the ropes of the trade in India itself. A happening economy with a potential for large markets of the future. The ISB offers global faculty from Wharton, Kellogg and London Business School. They should consider ISB for a chance to learn from faculty which is world class and curriculum which is contemporary.

ADAM: While I understand why ISB has to issue a PGPM instead of an MBA, for readers not familiar with the way the Indian government regulates educational institutions, can you explain it?

HIMA: Government regulations ISB believes merit is the only criteria on which students should be selected. ISB has always emphasized on selecting the highest quality of students irrespective of gender, caste or economic background and wishes to maintain this independence in selection. In India you need to be a university or deemed university to issue a masters degree but this will involve coming under the purview of Government regulations.

ADAM: How important are the application essays in determining who to admit?

HIMA: Application essays give us an insight into a students, leadership potential, maturity of thinking, analytical ability, diversity to the class, etc,. They help us in gaining a holistic perspective of the student, so are very crucial. Many times good essays, validated by interview have been responsible for admission keeping aside other scores.

ADAM: How important are recommendations? What constitutes a great recommendation?

HIMA: Very important. A potential students quality of work, career progression, initiative, crisis management skills are garnered from his Recommendations. Recommendations need to be honest, straight forward information on a student not glorified endorsements. A recommendation which gives a balanced view of the student strengths and weaknesses, throws light on his achievements and failures, shows his skill set is good.

ADAM: How important is the interview?

HIMA: Again very important and the deciding factor as only 40% of students get the offer after an interview.

ADAM: How important are campus visits? Do you keep track of who visits? Does it impact their chances for admission?

HIMA: Campus visits help a prospective applicant to see the institute and make up his mind. We do keep track of who visits but our decisions are not influenced by these visits.

ADAM: Can you provide my readers with some idea of how difficult it is to get into ISB?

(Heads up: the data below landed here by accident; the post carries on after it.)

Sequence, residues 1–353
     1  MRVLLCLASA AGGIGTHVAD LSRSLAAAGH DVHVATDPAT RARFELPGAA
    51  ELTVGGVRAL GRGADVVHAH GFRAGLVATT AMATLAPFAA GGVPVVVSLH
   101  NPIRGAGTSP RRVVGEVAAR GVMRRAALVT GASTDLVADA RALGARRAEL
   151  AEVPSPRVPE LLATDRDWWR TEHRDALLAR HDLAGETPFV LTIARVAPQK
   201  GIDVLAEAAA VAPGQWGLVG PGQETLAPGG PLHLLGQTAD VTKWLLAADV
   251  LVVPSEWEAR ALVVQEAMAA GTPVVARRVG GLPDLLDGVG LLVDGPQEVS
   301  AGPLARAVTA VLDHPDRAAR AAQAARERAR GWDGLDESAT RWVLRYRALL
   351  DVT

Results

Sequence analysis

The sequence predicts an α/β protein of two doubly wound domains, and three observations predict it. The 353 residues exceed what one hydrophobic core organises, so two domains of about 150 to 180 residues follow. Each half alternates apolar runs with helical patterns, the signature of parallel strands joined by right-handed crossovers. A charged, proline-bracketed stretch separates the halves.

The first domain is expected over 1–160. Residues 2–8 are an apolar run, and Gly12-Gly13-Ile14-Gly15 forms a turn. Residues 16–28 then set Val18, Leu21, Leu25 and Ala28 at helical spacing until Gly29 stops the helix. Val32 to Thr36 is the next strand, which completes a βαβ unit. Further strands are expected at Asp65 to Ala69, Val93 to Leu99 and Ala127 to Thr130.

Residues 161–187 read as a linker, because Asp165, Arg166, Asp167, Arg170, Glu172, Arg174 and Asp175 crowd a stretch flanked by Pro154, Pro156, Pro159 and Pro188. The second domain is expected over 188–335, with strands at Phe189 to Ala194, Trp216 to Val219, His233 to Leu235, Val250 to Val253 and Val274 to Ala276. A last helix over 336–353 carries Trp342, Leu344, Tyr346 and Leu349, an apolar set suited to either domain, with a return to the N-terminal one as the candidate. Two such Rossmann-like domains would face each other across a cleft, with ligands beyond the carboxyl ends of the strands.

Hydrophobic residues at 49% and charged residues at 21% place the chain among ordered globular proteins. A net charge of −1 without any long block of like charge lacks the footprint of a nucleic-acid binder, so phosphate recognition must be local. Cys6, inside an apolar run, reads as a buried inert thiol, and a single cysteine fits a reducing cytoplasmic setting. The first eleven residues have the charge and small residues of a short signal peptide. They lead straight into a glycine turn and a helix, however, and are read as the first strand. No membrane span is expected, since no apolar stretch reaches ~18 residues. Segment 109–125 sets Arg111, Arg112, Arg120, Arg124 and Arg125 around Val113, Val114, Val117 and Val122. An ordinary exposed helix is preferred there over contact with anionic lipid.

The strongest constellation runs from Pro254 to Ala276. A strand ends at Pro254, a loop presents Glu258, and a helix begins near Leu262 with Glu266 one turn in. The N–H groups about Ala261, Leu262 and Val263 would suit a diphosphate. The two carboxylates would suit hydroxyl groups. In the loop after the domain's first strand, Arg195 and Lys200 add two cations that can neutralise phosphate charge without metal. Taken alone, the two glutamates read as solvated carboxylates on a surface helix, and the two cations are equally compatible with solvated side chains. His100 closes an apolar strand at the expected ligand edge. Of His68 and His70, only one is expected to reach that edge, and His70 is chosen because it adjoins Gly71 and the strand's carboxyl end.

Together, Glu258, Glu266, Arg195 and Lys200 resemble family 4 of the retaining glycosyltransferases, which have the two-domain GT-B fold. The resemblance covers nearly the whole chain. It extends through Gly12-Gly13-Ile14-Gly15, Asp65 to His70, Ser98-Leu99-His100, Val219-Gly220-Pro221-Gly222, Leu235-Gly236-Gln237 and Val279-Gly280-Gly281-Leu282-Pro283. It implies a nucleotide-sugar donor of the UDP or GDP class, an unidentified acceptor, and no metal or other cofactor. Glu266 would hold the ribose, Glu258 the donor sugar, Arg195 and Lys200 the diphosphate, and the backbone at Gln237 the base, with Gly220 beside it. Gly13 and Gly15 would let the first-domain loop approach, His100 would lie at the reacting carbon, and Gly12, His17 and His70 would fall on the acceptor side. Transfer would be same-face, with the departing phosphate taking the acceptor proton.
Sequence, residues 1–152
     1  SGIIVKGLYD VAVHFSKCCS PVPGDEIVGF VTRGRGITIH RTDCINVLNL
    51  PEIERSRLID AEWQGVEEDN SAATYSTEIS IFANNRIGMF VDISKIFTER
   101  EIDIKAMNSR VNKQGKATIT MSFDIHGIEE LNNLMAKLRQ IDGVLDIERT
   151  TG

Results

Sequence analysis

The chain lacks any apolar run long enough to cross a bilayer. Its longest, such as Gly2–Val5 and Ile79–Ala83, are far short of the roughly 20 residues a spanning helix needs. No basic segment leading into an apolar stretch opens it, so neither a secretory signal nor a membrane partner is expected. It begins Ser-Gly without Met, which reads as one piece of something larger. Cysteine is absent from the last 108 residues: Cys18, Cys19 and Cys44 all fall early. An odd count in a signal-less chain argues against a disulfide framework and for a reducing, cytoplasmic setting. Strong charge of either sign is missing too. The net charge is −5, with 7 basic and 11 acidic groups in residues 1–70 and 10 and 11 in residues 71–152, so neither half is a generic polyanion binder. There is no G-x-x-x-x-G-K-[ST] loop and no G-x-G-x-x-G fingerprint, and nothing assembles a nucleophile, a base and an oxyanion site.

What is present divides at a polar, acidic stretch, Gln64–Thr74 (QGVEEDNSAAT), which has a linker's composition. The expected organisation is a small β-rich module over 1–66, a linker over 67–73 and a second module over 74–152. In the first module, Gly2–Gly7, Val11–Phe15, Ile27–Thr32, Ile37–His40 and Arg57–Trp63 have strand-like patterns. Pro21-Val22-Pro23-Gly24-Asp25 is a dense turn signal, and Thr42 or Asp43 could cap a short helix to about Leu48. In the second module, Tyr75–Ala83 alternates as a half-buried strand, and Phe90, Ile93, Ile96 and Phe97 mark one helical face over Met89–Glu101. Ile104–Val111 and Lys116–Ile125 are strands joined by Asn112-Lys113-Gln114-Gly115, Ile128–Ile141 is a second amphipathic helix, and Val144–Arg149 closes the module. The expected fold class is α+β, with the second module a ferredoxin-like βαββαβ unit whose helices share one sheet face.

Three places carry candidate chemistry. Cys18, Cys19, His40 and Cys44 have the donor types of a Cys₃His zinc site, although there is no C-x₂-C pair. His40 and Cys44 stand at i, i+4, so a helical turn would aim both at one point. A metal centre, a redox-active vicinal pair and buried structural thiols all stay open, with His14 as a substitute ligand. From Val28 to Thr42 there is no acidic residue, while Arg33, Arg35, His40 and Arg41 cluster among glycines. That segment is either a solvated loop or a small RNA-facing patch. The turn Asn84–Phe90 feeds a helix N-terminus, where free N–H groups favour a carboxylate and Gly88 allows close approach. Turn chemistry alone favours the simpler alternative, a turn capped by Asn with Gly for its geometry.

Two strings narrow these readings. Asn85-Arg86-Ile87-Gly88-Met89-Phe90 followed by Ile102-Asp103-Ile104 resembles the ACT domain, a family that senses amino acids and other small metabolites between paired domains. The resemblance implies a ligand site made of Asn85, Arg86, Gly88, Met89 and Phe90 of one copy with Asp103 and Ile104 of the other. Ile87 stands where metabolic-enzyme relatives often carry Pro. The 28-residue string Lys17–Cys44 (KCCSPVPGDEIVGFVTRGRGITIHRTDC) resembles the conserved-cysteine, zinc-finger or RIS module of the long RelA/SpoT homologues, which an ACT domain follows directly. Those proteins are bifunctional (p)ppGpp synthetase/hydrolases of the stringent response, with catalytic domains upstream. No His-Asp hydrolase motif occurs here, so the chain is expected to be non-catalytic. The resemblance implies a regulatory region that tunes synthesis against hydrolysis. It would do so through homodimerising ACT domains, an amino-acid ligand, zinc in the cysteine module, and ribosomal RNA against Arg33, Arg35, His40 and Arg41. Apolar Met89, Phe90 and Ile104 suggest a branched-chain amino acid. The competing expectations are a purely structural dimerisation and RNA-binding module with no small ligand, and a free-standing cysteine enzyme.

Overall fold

HIMA: The competition varies from year to year. So, it is very difficult to give any concrete answer to this question. But a guesstimate would be 1:10.

ADAM: What changes to do you expect to see at ISB in the coming years?

HIMA: There are quite a few things on the anvil, in the near future we hope to
- Establish the next Research Centre of Excellence in Strategic Marketing
- Begin a new campus at Mohali in the northern part of India
- Start a pre-doctoral and Ph.D. programmes

ADAM: Can applicants get in touch with alums and current students? How?

HIMA: Yes. The applicant just needs to send an e-mail to the admissions office at pgpadmissions@isb.edu and they will put him in touch with a current student or alum.

ADAM: Can applicants get in touch with faculty members who they have a strong desire to work with?

HIMA: This can be handled on a case by case basis, where students request to meet with faculty prior to admission can be forwarded to faculty for their permission.

ADAM: Is there anything else you would like us to know about ISB?

HIMA: ISB is a young not for profit organization set up to develop research for India and the emerging economies the Post Graduate Programme at ISB is just the flagship programme. We are the largest in Asia in Executive Education and we have six centres of excellence focused on generating research for the new economies. The research centres are excellent exposure for students to gain a glimpse into the latest concepts in emerging markets – The Bottom of the Pyramid laboratory on campus is an example.

I want to thank Hima for taking the time to answer my questions.

Questions? Write comments or contact me directly at adammarkus@gmail.com. Please see my FAQ regarding the types of questions I will respond to.
-Adam Markus